Respect for the principles of democracy; respect for the states to make decisions on matters that primarily affect the residents of those states; the chance to conserve scarce federal financial resources — these we believe are many strong reasons for you to defer to the state decisions.Rep. Barney Frank and Rep. Ron Paul • In an open letter to President Obama, asking that his administration not interfere with recently passed ballot measures that legalized the recreational usage of marijuana in Washington and Colorado. The retiring House members have both long been advocates of reforming existing drug laws, and have repeatedly introduced federal decriminalization legislation in the past. The Department of Justice and Drug Enforcement Agency have remained relatively mum on the new laws, outside of signaling disapproval, though many expect to hear some word on the federal government’s stance in the days and weeks ahead. source
If you’re trying to win a presidential campaign and put on a show, you shouldn’t poke a sharp stick in the eye of conservative activists. That’s what happened.Dudley Brown, Colorado GOP delegate • Speaking on a feud between Ron Paul supporters and the rules committee at the Republican National Convention. Basically, one of the key methods the Paul campaign used to try to stay relevant in the race was to try to elect more of their own supporters as delegates, after the conclusion of a state’s vote. If this seems strange, you might not be alone in thinking so – the allegiances of the delegates weren’t actually bound to the outcome of the vote. There’s two ways to look at this, which encapsulate the fight between Paul’s backers and the party writ large. The first is that voters likely do believe that their primary vote has an iron-clad impact on who their state votes to nominate, and that to do otherwise is less truly democratic. The other view, which Paul supporters are understandably motivated by, is that the newly approved rules (which would indeed bind delegates to the primary vote) will make it much harder for long-shot candidates like their own, in the midst of a two-party system that already leaves those odds in the near-impossible range. source (via • follow)
It wouldn’t be my speech. That would undo everything I’ve done in the last 30 years. I don’t fully endorse him for president.Rep. Ron Paul • Explaining why, despite being given an opportunity to do so, he’s chosen to avoid speaking at the Republican National Convention. Paul would’ve been given the opportunity to speak as long as his words were a) vetted by Romney and b) in endorsement of the Republican nominee. No dice. Instead, Paul held an event of his own Sunday, bringing the true believers down to the University of South Florida to hear Paul’s final presidential campaign speech. This is likely Paul’s last big hurrah as an elected official — having just turned 77, he retires from Congress in January — but he leaves an army of supporters behind.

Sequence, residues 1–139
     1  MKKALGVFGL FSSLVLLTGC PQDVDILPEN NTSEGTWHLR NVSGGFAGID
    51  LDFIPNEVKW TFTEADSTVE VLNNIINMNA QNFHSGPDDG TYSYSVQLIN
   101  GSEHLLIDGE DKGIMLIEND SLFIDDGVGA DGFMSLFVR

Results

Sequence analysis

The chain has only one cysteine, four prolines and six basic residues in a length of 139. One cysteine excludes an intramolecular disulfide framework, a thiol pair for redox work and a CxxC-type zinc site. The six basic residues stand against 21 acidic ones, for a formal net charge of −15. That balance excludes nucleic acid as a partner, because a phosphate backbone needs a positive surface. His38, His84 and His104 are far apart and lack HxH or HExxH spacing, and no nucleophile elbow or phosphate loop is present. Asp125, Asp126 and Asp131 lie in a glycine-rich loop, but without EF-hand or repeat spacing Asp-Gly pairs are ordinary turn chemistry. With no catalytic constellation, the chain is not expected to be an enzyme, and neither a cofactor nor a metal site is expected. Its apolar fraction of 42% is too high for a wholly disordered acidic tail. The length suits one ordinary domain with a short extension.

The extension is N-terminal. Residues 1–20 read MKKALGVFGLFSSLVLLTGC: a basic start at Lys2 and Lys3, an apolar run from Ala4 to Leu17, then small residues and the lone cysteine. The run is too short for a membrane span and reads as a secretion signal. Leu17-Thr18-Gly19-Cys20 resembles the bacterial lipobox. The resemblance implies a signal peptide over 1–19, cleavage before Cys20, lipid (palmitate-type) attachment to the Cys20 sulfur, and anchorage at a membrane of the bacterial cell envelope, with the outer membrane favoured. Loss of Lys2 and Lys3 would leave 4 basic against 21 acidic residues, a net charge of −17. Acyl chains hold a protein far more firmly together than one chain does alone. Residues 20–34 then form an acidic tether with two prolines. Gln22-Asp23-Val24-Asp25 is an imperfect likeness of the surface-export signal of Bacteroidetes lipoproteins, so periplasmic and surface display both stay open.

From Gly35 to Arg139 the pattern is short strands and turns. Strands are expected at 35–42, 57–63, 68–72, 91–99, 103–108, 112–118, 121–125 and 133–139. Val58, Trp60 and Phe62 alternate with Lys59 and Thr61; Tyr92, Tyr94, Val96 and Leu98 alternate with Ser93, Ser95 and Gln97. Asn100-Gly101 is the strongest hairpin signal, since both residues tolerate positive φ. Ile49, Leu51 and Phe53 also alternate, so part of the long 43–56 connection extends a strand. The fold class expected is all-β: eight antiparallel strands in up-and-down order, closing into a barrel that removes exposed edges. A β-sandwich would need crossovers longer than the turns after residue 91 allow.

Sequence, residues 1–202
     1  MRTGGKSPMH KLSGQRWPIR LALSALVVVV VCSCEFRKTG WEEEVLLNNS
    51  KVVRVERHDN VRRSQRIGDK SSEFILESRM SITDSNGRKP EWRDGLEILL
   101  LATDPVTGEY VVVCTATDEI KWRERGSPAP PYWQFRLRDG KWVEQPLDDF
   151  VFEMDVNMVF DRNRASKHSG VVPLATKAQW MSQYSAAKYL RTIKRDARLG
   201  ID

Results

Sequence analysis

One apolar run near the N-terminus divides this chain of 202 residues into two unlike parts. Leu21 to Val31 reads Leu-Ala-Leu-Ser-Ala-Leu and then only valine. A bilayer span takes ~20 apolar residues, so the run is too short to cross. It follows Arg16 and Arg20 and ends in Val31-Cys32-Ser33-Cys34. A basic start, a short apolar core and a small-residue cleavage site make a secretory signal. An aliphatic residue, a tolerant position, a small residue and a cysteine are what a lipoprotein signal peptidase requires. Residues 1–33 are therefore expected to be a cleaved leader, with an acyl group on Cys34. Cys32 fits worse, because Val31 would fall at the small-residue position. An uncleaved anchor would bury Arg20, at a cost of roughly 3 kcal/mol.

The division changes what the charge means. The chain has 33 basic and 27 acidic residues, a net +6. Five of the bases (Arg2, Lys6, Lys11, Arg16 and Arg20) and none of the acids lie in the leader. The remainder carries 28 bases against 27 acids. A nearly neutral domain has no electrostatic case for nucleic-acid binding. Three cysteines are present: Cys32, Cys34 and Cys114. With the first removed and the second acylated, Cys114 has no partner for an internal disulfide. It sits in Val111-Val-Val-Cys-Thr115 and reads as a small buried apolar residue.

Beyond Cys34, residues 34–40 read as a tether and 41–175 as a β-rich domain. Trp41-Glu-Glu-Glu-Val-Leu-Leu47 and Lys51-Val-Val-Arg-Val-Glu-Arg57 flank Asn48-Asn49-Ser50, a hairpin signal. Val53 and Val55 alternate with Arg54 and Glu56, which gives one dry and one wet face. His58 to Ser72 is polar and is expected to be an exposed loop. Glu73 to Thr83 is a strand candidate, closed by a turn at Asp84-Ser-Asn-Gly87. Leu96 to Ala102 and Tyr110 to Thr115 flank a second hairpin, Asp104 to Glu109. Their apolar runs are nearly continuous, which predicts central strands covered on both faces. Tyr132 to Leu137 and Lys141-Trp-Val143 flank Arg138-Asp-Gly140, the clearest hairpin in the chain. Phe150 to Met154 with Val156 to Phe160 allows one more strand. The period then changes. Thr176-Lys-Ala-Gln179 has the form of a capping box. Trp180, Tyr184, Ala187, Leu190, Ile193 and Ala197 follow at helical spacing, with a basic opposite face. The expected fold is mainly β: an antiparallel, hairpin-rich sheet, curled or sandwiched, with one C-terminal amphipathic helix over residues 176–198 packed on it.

If they’re not willing to say that — that’s their prerogative — but clearly they’re not Mitt Romney delegates.A national Republican Party leader • Discussing an issue with Republican delegates in Massachusetts — sixteen Ron Paul backers who defeated Mitt Romney’s picks — who were disqualified after failing to file affidavits pledging their support to Romney. The delegates say the affidavits were a ploy, and they were received the forms less than a week before the set deadline. Republican leaders are reportedly concerned that the Paul-supporting delegates may cause trouble at the Tampa convention next month. Paul has officially stopped campaigning, but his supporters hope to make their presence known at the convention.
» Should Mitt be worried? Clearly, Paul’s attempt at building a campaign is a bit unorthodox — he only has 80 delegates, but he could end up stealing some of Romney’s if he keeps it up — but even if he can’t win outright, he could damage Romney’s campaign. As The Hill puts it: “National Republicans worry that if grassroots party loyalists aren’t supporting the presumptive nominee, the party could struggle against President Obama’s fundraising and organizational efforts.”